Rent Wadjda (2012)

3.8 of 5 from 415 ratings
1h 33min
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'Wadjda' is the story of a young Saudi girl whose burning desire for a bicycle leads her into bold defiance of her society's restrictive codes of gender and religion. After a fight with her friend Abdullah, a neighborhood boy she shouldn't be playing with, Wadjda sees a beautiful green bicycle for sale. She wants the bicycle desperately so that she can beat Abdullah in a race. But Wadjda's mother won't allow it, fearing repercussions from a society that sees bicycles as dangerous to a girl's virtue. Wadjda decides to try and raise the money herself. Although her cunning plans are continuously thwarted, she is determined to continue fighting for her dreams...
Waad Mohammed, Reem Abdullah, Abdullrahman Al Gohani, , Sultan Al Assaf, Alanoud Sajini, Rafa Al Sanea, Dana Abdullilah, Rehab Ahmed, Nouf Saad, Ibrahim Almozael, Mohammed Zahir, Sara Aljaber, Noura Faisal, Talal Loay, Fawziah Alyaaqop, Dima Sajini, Maram Alkhozaim, Mariam Alkhozaim, Rawan Abdulsalam
Gerhard Meixner, Roman Paul
Haifaa Al-Mansour
Soda Pictures
Children & Family, Comedy, Drama
Saudi Arabia, Top 100 Films, Children & Family, Comedy, Drama
Release Date:
Run Time:
93 minutes
English, English Hard of Hearing
DVD Regions:
Region 2
Aspect Ratio:
Widescreen 1.85:1
  • Women Without Shadows (directed by Haifaa Al-Mansour, 2006, 45-mins)
  • The Making Of Wadjda (30 mins)
Release Date:
Run Time:
97 minutes
  • Women Without Shadows (Directed by Haifaa Al-Mansour, 2006, 45-mins)
  • The Making Of 'Wadjda' (30 mins)

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Reviews (3) of Wadjda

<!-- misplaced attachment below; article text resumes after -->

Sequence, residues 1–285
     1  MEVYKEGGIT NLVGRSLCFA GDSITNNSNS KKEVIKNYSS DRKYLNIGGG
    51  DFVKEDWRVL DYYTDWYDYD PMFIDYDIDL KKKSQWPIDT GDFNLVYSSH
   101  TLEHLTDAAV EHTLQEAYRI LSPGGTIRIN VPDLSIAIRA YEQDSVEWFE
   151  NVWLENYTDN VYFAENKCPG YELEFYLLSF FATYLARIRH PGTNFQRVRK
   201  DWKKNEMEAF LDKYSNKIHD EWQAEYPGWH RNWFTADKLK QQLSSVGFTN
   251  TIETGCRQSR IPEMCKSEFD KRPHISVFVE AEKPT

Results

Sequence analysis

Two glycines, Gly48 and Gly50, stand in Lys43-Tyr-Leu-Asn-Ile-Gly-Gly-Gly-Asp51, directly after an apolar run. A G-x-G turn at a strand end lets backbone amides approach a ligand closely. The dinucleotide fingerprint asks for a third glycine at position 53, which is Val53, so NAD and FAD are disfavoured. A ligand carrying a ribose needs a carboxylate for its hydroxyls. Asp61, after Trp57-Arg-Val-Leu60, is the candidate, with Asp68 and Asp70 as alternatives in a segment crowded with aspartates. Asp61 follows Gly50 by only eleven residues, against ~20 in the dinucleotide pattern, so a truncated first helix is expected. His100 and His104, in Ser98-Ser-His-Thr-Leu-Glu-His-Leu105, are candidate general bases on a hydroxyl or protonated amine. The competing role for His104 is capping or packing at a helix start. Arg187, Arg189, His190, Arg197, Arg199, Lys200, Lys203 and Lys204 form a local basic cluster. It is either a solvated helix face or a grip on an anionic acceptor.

Excellent groundbreaking cinema - Wadjda review by GF

Spoiler Alert

The first feature length film to be made in Saudi Arabia, this is a remarkable film not just for that, but for the fact that it was directed by a woman in a country where female presence in almost all walks of life is illegal.

Ostensibley a coming of age story about a schoolgirl who wants to ride a bike ( which is taboo there), it deals with subjects much deeper and sometimes darker.

However this is far from a depressing film - it is uplifting, often funny, sometimes moving, and certainly never dull.

One of last year's great films and certainly one of its' most unique and courageous.

5 out of 6 members found this review helpful.

Enchanting - Wadjda review by NR

Spoiler Alert

A remarkable film, not just for its groundbreaking nature and the importance of the issues raised, but for the enchanting tone which encompasses it. Delightful.

1 out of 2 members found this review helpful.

Girl On A Bike. - Wadjda review by NC

Spoiler Alert

Wadjda has no time for all that religious nonsense. While other girls are learning the Koran by heart, she is more interested in listening to pop music, and saving up for a green bicycle she has set her heart on. She wears trainers instead of black shoes, and is constantly told to cover her face.

This is Saudi Arabia, where double standards permeate the air like oxygen, and are inhaled from birth. She is told not to sing too loud, as men might hear - yet she is assailed by men working on a building site to 'show us your little apples'. Family trees consist of male names only. Girls are married off while still at school, but can be cast away if they cannot bear children (males, that is, females don't count). Every decision a woman makes is conditioned by how it will affect a man. Step out of line and the religious police may come calling.

When Wadjda learns that the prize money for a Koran reading competition is more than enough for the coveted bike, her determination to win has nothing to do with the religious zeal her teachers think she has found.